Interview with Richard Einhorn about his new opera The Origin

The Origin, Richard Einhorn’s new critically-acclaimed opera/oratorio in celebration of Charles Darwin, will be broadcast and streamed over the internet in its entirety on WCNY-FM ( from 6:00-8:00PM on May 16, 2009. Prior to this broadcast I wanted to know more about the piece, so I spent some time with Richard over the internet. His responses to my questions not only piqued my interest in the performance this Saturday, but rekindled an interest in the main character in his opera, Charles Darwin.

Most Opera's have a narrative, but the source material "The Origin of Species" isn't really a narrative. How did you approach this project in terms of "story"?

On the contrary! If ever there was a narrative, it is "The Origin of Species!!!" It is, to reuse a movie title, the greatest story ever told, ie, the amazing story of how species are created, change, evolve, and morph into completely new forms of life. It is the most complex of narratives but in some ways...well, Darwin says it best: From so simple a beginning, endless forms most beautiful, and most wonderful, have been, and are being, evolved. In short, The Origin of Species is in a very real sense the most basic narrative we have. For all its branching, it is the ultimate linear narrative.

Using that as a starting point, the music and texts for my piece, The Origin, "evolve" from a simple, chaotic beginning into a multiplicity of ever-changing forms. Some of the forms appear to be simple, but in fact, the music never repeats; it is constantly varied. That created the challenge of how to unify the piece, to keep it from flying off into outer space, sort of.

Essentially, and in the loosest sense, The Origin tells the tale of the making of Darwin's Origin of Species. It utilizes, more or less, three types of texts, all taken from the voluminous Darwin writings. There are numerous excerpts from "The Origin of Species," some of them very famous - such as the "endless forms" quote - some of them quite obscure. These are sung primarily by the chorus. I also used the notebooks Darwin kept for nearly twenty years to provide a sense of the protracted struggle Darwin went through in formulating what has been described "the single best idea anyone has ever had." (It's a remarkably simple idea: living things vary; those with advantageous variations survive long enough to breed descendants; eventually those descendants gather enough variations from the original species that a new species is created.) These sketchbooks are typically sung by the soprano and baritone soloists. Finally, I use the autobiographical writings to provide a sense of the Darwin as a person. Those are sung exclusively by the Balkan female choir.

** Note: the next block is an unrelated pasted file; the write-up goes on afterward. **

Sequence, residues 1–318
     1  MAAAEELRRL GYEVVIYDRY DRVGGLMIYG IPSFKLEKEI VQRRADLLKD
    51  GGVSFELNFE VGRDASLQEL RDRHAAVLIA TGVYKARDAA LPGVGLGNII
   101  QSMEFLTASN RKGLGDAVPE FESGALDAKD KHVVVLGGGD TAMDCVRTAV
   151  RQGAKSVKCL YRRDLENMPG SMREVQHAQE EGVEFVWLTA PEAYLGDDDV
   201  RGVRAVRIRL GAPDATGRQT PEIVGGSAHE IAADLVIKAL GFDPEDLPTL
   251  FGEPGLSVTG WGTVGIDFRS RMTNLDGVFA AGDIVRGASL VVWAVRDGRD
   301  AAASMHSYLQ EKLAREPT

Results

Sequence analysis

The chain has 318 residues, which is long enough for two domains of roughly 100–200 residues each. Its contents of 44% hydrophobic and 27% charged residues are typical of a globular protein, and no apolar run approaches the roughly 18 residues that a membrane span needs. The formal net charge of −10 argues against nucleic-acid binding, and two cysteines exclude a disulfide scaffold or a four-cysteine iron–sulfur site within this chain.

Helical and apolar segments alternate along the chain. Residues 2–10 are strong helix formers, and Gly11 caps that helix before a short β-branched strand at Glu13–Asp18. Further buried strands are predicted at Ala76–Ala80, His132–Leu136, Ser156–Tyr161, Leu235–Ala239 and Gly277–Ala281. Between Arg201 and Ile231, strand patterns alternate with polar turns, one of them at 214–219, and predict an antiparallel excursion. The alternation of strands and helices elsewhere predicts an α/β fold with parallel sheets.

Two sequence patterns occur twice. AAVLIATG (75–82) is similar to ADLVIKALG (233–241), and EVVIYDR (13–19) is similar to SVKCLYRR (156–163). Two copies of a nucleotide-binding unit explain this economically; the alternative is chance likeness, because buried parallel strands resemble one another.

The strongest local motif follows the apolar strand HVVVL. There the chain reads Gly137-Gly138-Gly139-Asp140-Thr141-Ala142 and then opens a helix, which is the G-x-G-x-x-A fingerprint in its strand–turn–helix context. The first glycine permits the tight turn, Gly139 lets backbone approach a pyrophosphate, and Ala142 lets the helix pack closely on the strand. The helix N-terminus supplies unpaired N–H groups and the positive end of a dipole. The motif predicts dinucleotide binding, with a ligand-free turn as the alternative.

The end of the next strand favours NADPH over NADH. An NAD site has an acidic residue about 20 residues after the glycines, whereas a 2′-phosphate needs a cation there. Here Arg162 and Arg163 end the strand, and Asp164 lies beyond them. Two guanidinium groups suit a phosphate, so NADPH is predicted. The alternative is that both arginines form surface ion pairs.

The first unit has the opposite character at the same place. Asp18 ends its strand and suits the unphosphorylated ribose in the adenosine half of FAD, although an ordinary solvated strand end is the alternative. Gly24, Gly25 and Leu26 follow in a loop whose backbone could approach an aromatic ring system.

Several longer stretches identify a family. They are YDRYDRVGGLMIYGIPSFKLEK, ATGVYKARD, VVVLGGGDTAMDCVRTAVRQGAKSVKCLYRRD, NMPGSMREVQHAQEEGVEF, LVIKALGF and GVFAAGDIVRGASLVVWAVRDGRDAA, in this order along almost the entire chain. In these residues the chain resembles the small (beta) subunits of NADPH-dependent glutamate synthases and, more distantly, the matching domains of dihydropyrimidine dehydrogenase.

What effect did that have on the music?

There are a lot of potential issues at play when using texts with music. I did want the texts to be comprehensible, and I also wanted to emphasize the beauty of the science. This modulated, to a considerable extent, the application of any formal musical scheme. So, while I used numerous variation techniques, including some I developed specifically for the piece, I was always ready to cut corners to set the text in the way I wanted it to be heard and understood. Essentially, however, you can look at The Origin as a huge, freely-imagined, set of variations off the ideas of the opening movement. That, of course, is in keeping with both the spirit and letter of Darwin's theory of evolution by natural selection.

For my own part, I found this comment by Richard fascinating - the concept of taking a set of ideas (themes or motives) and creating a set of variations that "evolve" into the rest of the work. That screams of Schoenberg's concepts of motivic development and yet takes it even further to tie the music with the concepts of the text. Very cool!
Wagner had leitmotive, Strauss and Puccini had soaring melodies. What role do you feel music plays in your operas and in particular "The Origin?"

Music, in most of my vocal pieces, serves to deepen, and support the text; without text, the music would be completely different! All of this is in the service of some kind of drama, but not necessarily drama in the traditional "operatic" sense. Sometimes, I'll play games, such as a breath/stutter game in Voyage of the Beagle, where one Balkan singer is required to repeat a simple two note nonsense phrase over and over, the game being how long she can repeat it until she runs out of breath. When she does, the rest of the group chimes in to complete the word. For example, one singer sings, "Valpa, valpa, valpa, valpa" until she can't, then the rest of the group sings "Valparaiso" and the seemingly random syllables become recognizable as the beginning of a place name. The drama is one of musical technique, not, say, interpersonal conflict. Elsewhere, texts are dramatized in more "literary" a fashion, as when the soprano sings, "Be careful," or when the baritone sings the word "mice," with horror.

And that brings up humor. The biggest shock to me about working with Darwin's texts was the enormous amount of humor and wit there is in them, something rarely remarked, Darwin, like many supremely great geniuses, was a deeply, profoundly, silly person. A seemingly absurd investigation, say, classifying barnacles or raising pigeons, becomes an opportunity to uncover fundamental truths about the way life works. Darwin seemed to be in a constant state of delight over such activities (well, maybe not ALL the barnacle classifying!). He found them amusing things to do, and he found the insights he gleaned incredibly delightful. That joy and humor was something I didn't expect, but once I realized that was going on, it became an important part of my piece.

Musically "The Origin" is described as elements of world music with exotic vocals. Is there an aspect of primalism you are trying to achieve, or something more modern and still wholly universal?